You are herePaul Meyer, Ph.D.
Paul Meyer, Ph.D.
B.S. (Psychology as a Natural Science) 1996, University of Michigan
Ph.D. (Behavioral Neuroscience) 2006, Oregon Health and Science University
Second Year Project: The effect of MK-801 on ethanol sensitization. (Mentor: Tamara J. Phillips, Ph.D.)
Dissertation: Neurochemical substrates of ethanol's locomotor effects. (Mentor: Tamara J. Phillips, Ph.D.)
Post-doctoral Fellow, Department of Psychology, University of Michigan (Mentors: J. Wayne Aldridge and Terry E. Robinson)
Background & Interests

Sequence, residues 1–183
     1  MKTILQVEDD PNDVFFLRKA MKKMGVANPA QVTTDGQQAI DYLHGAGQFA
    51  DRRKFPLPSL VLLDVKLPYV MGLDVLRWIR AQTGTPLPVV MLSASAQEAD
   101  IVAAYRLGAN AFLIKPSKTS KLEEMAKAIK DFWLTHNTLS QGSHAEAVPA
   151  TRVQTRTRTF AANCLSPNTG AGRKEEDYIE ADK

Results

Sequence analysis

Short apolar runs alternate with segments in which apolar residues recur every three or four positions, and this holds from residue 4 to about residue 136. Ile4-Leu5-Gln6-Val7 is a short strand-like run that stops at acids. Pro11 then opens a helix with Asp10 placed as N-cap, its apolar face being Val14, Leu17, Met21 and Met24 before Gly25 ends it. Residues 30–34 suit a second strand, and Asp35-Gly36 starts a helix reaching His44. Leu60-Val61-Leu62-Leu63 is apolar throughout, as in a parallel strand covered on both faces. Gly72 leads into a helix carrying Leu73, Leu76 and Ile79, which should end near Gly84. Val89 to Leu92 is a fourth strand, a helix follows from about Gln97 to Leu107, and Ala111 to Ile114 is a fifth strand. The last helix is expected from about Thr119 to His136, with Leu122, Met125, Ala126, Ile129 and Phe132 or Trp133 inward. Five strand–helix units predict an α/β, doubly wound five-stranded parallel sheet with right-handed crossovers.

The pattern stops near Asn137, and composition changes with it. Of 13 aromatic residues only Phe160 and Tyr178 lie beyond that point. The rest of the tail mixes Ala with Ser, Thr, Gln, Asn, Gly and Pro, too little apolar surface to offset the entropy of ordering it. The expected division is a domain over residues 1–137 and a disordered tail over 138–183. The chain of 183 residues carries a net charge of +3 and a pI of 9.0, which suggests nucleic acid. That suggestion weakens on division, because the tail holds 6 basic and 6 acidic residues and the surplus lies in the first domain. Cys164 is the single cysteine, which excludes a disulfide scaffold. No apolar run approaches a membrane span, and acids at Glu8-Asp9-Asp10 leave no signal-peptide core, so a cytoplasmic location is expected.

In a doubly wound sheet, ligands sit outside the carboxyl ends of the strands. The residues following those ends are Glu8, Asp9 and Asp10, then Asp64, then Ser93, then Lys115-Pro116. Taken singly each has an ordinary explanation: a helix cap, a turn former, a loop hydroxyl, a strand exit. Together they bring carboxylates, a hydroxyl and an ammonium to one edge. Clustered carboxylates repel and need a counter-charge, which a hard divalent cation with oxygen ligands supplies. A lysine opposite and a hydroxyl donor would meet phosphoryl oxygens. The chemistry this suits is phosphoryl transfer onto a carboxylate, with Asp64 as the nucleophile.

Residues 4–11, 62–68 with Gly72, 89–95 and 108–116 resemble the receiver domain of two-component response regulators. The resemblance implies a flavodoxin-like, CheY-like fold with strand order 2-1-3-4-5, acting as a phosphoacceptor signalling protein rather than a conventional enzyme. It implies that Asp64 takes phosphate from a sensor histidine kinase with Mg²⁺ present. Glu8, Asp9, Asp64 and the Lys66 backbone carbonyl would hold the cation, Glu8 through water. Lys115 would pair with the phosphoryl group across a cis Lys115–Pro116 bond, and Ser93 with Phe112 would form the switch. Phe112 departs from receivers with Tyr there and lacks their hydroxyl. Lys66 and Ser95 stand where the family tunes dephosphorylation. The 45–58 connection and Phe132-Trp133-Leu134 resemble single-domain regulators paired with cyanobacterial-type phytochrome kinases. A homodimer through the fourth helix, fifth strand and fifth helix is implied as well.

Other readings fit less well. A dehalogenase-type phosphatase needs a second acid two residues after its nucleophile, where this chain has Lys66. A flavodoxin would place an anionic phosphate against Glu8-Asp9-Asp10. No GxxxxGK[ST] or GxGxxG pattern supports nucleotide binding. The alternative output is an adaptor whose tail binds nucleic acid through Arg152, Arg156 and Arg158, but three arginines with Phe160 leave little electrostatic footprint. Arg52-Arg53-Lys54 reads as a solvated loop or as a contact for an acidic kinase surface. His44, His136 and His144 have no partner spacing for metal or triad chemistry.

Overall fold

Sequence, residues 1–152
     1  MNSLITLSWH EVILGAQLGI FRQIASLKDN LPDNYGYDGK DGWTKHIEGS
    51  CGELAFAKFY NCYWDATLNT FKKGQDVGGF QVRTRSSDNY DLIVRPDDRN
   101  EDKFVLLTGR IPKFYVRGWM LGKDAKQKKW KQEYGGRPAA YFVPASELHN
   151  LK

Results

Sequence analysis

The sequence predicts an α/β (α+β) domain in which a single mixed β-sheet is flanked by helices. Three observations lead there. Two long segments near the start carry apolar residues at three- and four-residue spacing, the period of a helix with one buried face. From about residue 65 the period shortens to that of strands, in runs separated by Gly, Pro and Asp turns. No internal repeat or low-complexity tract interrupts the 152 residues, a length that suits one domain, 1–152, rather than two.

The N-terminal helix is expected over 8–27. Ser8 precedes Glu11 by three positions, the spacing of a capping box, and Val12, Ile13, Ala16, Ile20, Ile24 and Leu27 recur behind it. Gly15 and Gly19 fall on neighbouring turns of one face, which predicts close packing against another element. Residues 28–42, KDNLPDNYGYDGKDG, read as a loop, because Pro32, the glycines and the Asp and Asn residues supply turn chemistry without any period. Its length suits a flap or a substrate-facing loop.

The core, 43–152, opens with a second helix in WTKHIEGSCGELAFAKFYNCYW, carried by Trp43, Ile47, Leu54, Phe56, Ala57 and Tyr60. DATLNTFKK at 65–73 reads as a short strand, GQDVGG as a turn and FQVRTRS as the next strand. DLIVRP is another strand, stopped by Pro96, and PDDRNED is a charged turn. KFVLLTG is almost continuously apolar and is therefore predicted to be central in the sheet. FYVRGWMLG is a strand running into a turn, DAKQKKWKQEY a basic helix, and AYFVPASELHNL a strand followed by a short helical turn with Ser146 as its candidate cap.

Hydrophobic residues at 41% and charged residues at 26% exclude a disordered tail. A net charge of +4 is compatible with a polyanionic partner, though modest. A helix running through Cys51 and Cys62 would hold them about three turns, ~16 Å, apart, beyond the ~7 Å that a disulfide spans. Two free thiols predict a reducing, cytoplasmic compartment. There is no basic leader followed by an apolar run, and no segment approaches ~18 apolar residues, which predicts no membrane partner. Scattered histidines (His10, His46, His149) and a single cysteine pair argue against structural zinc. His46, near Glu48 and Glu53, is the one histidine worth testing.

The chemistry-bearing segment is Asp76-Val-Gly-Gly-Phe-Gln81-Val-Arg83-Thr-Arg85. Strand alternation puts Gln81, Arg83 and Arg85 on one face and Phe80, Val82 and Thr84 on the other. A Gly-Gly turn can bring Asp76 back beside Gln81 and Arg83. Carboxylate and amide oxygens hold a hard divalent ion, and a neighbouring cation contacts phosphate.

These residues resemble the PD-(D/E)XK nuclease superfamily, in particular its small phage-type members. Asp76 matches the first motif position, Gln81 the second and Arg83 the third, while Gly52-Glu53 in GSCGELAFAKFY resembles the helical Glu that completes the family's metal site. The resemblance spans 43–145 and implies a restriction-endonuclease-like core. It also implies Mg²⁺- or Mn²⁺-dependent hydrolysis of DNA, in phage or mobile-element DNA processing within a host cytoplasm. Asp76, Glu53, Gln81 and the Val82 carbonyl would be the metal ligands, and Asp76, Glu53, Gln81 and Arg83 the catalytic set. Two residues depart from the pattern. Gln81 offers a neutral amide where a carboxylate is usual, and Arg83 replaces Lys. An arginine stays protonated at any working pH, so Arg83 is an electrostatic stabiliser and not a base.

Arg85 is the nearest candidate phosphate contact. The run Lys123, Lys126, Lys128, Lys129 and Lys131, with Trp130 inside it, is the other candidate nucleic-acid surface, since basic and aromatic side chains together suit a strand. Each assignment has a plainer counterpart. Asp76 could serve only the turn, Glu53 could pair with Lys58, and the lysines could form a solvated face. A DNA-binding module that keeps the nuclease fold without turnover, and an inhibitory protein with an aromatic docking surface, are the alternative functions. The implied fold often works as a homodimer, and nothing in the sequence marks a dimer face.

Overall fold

I've always found it fascinating that small molecules such as alcohol and morphine can come to control complex behaviors like drinking and elicit addictive behaviors. I worked as a technician in Harriet de Wit's human behavioral psychopharmacology laboratory at the University of Chicago; where I learned that an individual's response to an abused drug depends a number of factors, ranging from social to biological. I became very interested in the biological and genetic aspects of addiction, but found that many of my questions could not be answered using human subjects. Through my graduate studies, I became interested in the idea that abused drugs act through some of the same neurochemical pathways, especially those involving the neurotransmitters dopamine and glutamate. My dissertation work with Tamara Phillips involved testing genetically distinct populations of mice for their responses to alcohol, and whether these responses were related to alcohol's effects on glutamatergic and dopaminergic systems. The great thing about the highly interactive nature of the Department of Neuroscience is that its trainees are kept up to date with research in their own and related fields. For example, I learned through courses and seminars that dopamine and glutamate systems play important roles in reinforcement learning, and that drugs of abuse may cause addictive disorders by hijacking these systems, suggesting that drug addiction could be thought of, in some instances, as a dopamine-dependent associative learning disorder. This, to me, is a intriguing idea, and I've dedicated my career to studying the role of dopamine in responding to drug- and motivationally-relevant stimuli. The techniques I've used have been as simple as measuring locomotion in mice and as complex as using patch clamp electrophysiology in brain slices. Currently, I'm studying the how dopamine neurons encode stimuli that predict food and drug reward as a post-doctoral fellow at the University of Michigan. In the future, I plan to continue to record from dopamine neurons in animals performing various learning tasks, either as an independent researcher or as a part of a laboratory with similar interests.